The way boomers define ‘retirement success’ is changing rapidly. The old model of ‘success’ - where your goal is to accumulate as much money as you possibly can by the time you reach the finish line, regardless of the stress and impact on your physical, emotional and spiritual health, well, that model is no longer sustainable.
One reason we give for allowing stress to build in our lives is that we don’t have time or don’t make the time to take care of ourselves. We’re too busy chasing a phantom of the successful life and not knowing or not wanting to know when enough is enough in terms of how much needs to be saved for a secure financial future.
As a comprehensive financial planner working mostly with boomers, I have the good fortune to observe what’s on a lot of clients minds in terms of their future dreams and desires once retired and financially independent. What most are seeking is the ‘good life’.
Yet what is this oasis we call the ‘good life’ we all dream about and visualize once we retire? Somewhere along the way we abandoned that question and shifted our attention to how much money we can make, how big a house we can buy, how expensive of a car we can drive and how high we can climb up the career ladder.
Basically, our attention and focus in terms of preparing for retirement has been all about financial capital. That has been our metric in terms of measuring retirement success. That metric is no longer enough. Boomers, and especially my boomer clients, are disrupting the very notion of what retirement success used to look like and saying we want a different model. And that’s music to my ears.
Sometimes it takes a serious health setback - the loss of a parent, a partner/spouse, other times it’s a loss of a job, business, career, and sometimes it’s a major financial setback that has you go back to the drawing board and ask yourself - what’s the purpose/dharma of my life?
It’s usually at these pivotal turning points in life when a boomer that might have been hesitant to reach out to a financial planner in the past, for a variety of reasons, finds the courage to pick up the phone and decide somehow, someway, a course correction is needed in my life. Can you help me with that?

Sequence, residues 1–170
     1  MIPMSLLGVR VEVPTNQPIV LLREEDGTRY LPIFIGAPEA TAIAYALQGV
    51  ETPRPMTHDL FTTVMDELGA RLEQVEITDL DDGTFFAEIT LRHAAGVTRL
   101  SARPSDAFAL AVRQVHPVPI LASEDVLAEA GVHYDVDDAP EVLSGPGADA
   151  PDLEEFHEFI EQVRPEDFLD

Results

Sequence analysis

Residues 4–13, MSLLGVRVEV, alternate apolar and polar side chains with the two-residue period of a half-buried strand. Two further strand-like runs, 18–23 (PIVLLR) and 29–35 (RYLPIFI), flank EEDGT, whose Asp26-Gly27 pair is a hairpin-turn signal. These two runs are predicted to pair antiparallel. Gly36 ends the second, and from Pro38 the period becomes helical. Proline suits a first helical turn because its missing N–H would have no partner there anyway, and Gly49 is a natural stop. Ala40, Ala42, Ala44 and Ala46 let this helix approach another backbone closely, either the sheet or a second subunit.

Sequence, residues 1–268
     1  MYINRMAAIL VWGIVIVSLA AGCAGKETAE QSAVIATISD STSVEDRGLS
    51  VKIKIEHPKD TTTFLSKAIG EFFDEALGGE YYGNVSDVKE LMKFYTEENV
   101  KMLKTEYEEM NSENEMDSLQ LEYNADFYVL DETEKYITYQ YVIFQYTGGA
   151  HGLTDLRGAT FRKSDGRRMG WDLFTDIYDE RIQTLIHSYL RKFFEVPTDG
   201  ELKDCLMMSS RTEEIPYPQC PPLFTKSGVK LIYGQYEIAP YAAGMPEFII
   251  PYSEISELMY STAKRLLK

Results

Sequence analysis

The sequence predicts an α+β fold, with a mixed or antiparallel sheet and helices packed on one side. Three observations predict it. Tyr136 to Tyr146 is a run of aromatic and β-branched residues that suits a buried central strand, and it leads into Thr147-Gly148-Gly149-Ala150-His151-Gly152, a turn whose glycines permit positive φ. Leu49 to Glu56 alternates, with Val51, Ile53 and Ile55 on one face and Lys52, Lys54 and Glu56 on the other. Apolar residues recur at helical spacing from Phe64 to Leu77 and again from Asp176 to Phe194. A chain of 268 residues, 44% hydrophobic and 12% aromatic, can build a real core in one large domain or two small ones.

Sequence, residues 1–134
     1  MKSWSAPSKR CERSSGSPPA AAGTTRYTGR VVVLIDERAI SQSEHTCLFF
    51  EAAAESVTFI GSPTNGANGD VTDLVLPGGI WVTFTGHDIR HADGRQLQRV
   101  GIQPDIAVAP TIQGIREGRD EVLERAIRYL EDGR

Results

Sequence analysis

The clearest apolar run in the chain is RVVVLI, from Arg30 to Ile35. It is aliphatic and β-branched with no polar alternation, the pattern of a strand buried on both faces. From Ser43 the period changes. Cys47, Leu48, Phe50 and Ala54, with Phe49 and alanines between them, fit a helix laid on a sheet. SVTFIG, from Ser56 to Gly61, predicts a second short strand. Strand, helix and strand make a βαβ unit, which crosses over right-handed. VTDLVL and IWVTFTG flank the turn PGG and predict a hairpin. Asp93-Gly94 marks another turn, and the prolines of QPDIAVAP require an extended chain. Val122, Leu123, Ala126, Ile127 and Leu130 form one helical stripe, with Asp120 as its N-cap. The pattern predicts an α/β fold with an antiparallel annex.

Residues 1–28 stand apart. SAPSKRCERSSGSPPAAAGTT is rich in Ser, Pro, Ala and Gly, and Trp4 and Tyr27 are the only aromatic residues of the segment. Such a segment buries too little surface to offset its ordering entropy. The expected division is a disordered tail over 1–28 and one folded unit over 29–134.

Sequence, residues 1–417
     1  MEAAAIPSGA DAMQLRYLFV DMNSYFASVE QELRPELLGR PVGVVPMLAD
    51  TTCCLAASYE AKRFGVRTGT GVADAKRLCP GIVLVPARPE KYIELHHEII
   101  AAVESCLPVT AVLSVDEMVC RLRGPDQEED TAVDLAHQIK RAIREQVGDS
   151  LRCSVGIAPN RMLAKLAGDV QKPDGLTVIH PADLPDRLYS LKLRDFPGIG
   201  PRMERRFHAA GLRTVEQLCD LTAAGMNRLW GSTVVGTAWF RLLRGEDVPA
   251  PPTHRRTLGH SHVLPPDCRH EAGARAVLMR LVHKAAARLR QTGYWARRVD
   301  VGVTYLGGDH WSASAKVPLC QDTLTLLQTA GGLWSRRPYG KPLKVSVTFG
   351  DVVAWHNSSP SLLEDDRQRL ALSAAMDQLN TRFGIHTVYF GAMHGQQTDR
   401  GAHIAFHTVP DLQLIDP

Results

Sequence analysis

The reason many financial planners, including myself, approach financial life planning on a holistic level is so we can go deeper into a discussion of your money and your life. How is stress impacting your quality of life? Do you go to work feeling inspired or dreading another day at the office? Are you making a living or a dying? How much is enough? Obviously these are not stock and bond questions, yet questions like these are at the core of why the definition of ‘retirement success’ is changing rapidly.
One of the best kept secrets in the world of comprehensive financial planning is how powerful the capabilities of financial planning software has become. What used to pass for a financial plan, which was nothing more than a one-size fits all report full of graphs and irrelevant data, has been replaced with a new generation of scenario modeling software.
With this cutting edge planning software, modeling what-if scenarios is now becoming the default standard in the financial planning profession. Although there are still plenty of Wall Street firms fooling clients with these cookie cutter 'financial plans', their days fortunately are numbered as consumers demand a higher level of customization and comprehensive financial plans.
Health is Wealth
What’s the number one question I’m asked when a client that fits the profile above comes into my office? How soon can I retire?
Usually there’s been a major life event as I mentioned above that prompts that question. Sometimes it’s turning 50 or 60 that knocks you off of life’s auto-pilot as well. And other times it could have been a long awaited vacation, where you actually had enough time to decompress and think clearly again and realize the life path you’re on no longer aligns with your core values.
Whatever the reason is that creates the burning desire to shake up the status quo of your life and consciously and intentionally make a shift, I say bravo! If not now, when? And as Mark Twain said so well:
Twenty years from now you will be more disappointed by the things you didn’t do than by the ones you did do. So throw off the bowlines. Sail away from the safe harbor. Catch the trade winds in your sails. Explore. Dream. Discover.